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Nevill, A M.1; Holder, R L.1; Burrows, M1; Bird, S1; Simpson, D1
1University of Wolverhampton, Walsall, West Midlands, UK
(Sponsor: Ron Maughan, FACSM)
The diagnosis of osteoporosis is based on the assessment of bone mineral density (BMD). BMD recorded at the hip is regarded as the gold standard, since it has the highest predictive value of hip fracture, the most severe complication of osteoporosis.
To determine whether the BMD recorded from one skeletal site will reflect the BMD recorded at other sites.
BMD recorded at 10 skeletal sites throughout the body of 49 female endurance runners (30.8 ± 5.6 yrs) was used to assess the intersite correlations. Factor analysis with Varimax rotation was used to determine the minimum number and nature of the components necessary to describe these correlations.
All intersite correlations were significant (p < 0.05) with the exception of those between the left arm and left rib, thoracic spine and pelvis. The greatest correlations were observed between the right and left legs (r=0.89) followed by the right and left ribs (r=0.88). The factor analysis suggested a two-factor solution, i.e. the 10 skeletal-site BMD variables were reduced to just two new (latent) variables or components. The loadings indicated an upper (ribs, right arm, thoracic spine, lumber spine and pelvis) and a lower body (right leg, left leg and hip) component. Together, these two components explained 71% of the original variance with 59% being associated with the new upper body and 12% with the new lower body component. Interestingly, the left arm failed to identify strongly with either component, with hip and thoracic spine loading moderately on both.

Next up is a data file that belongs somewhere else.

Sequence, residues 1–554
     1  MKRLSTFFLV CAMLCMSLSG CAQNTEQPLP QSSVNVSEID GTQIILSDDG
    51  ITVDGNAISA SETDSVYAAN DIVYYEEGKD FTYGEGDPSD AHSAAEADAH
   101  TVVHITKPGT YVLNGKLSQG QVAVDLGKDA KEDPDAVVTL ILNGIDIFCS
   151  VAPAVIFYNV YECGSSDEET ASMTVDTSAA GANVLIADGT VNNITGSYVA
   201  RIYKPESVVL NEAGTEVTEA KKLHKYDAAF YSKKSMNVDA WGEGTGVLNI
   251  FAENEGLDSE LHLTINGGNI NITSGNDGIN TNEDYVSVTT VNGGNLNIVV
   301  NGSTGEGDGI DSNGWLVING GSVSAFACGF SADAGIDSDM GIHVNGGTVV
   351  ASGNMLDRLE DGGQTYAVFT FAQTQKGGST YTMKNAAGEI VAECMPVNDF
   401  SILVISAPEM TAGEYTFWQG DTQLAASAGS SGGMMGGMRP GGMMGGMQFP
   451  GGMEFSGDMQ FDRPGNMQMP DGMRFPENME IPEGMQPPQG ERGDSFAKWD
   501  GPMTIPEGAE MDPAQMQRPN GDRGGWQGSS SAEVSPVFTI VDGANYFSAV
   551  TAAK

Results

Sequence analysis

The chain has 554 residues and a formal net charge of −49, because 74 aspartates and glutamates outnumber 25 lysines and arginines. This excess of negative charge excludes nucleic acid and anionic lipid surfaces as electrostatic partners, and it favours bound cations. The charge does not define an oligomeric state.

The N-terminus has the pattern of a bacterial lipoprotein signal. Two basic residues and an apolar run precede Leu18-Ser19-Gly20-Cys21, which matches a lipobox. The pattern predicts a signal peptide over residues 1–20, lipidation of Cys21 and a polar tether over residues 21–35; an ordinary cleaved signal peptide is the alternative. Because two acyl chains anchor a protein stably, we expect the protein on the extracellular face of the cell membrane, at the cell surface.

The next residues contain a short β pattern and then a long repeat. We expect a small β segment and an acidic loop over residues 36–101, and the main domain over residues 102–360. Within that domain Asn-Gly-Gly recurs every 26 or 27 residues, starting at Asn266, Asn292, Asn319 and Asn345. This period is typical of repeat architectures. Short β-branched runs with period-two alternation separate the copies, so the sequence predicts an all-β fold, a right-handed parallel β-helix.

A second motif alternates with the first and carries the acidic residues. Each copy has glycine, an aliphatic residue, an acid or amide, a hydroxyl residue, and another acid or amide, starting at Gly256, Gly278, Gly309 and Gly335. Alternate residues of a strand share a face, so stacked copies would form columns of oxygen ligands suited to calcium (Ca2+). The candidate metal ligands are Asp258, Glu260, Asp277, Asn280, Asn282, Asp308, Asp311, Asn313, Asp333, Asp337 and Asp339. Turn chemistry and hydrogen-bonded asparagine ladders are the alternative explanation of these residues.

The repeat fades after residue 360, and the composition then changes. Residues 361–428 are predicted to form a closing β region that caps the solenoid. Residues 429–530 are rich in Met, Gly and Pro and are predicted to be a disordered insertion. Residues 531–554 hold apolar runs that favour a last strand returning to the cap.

Within this population of female runners, there is a serious danger of misclassification when using BMD recorded at lower body skeletal sites to assess the risk of osteoporosis at upper body sites, and vice-versa.
©2003The American College of Sports Medicine
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